NEW YORK — On a rundown stretch of 39th Street, far from the bohemian rhapsodies of the Lower East Side or Williamsburg, the Fashion Center Business Improvement District held a party Wednesday to promote its first arts festival, which kicks off on Oct. 17.

The weeklong event will include gallery exhibits, open studios, performance art, theater performances and presentations and panel discussions by designers including Isaac Mizrahi, Ralph Rucci, Yeohlee Teng and Bryan Bradley. The festival is hosted by the FCBID and is the brainchild of executive director Barbara Randall.

“It’s amazing to see how this neighborhood has changed,” said Guy Buckles, program director for the Elizabeth Foundation for the Arts, at the launch party.

The Elizabeth Foundation, a nonprofit headquartered in the heart of the fashion district, hosted the party for the festival in its low-rise property on West 39th Street. The former manufacturing building, which it acquired in 1998, is now a haven for artists.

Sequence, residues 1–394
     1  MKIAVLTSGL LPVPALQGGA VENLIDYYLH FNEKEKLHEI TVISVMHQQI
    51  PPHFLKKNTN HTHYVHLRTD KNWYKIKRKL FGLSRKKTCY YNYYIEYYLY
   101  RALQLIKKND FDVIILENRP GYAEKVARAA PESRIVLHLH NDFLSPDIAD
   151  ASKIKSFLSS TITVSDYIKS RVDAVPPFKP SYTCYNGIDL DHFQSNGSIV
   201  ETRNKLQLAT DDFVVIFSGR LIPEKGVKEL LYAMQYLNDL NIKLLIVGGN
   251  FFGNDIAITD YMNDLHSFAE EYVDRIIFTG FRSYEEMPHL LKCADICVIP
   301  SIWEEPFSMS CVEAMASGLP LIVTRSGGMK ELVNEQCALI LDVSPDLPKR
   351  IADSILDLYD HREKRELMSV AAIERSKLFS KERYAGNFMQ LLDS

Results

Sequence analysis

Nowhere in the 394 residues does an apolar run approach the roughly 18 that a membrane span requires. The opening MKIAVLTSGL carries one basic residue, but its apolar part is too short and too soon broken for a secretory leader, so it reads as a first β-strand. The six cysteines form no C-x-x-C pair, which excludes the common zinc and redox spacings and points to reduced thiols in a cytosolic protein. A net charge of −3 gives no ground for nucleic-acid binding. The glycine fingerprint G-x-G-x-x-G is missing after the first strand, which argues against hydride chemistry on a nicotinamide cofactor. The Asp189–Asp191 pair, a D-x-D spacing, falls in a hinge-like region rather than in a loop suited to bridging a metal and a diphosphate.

The organization converted the entire building into more than 10 floors of studio space, a printmaking workshop, and a gallery, which is currently showing works by Robert Blackburn and Will Barnet.

The neighborhood is still resolutely textiles. From the gallery’s second-floor windows are views of several of the ubiquitous shops in the area, selling bolts of fabric and evening gowns. This, in addition to the cheap real estate, is a plus to the artists in the fashion district. According to Elaine Tin Nyo, program officer of the foundation, one of the sculptors in the building makes pieces out of huge spools of thread and found materials in the neighborhood.

The nonprofit Materials for the Arts, which collects leftover materials from local businesses to fund artists and educators, is also active in the area.

“I am delighted to celebrate this exchange between fashion and culture,” said Kate Levin, the commissioner of the city’s department of cultural affairs. “This is exactly the kind of initiative that Mayor Bloomberg finds so important.”

This story first appeared in the October 11, 2005 issue of WWD. Subscribe Today.

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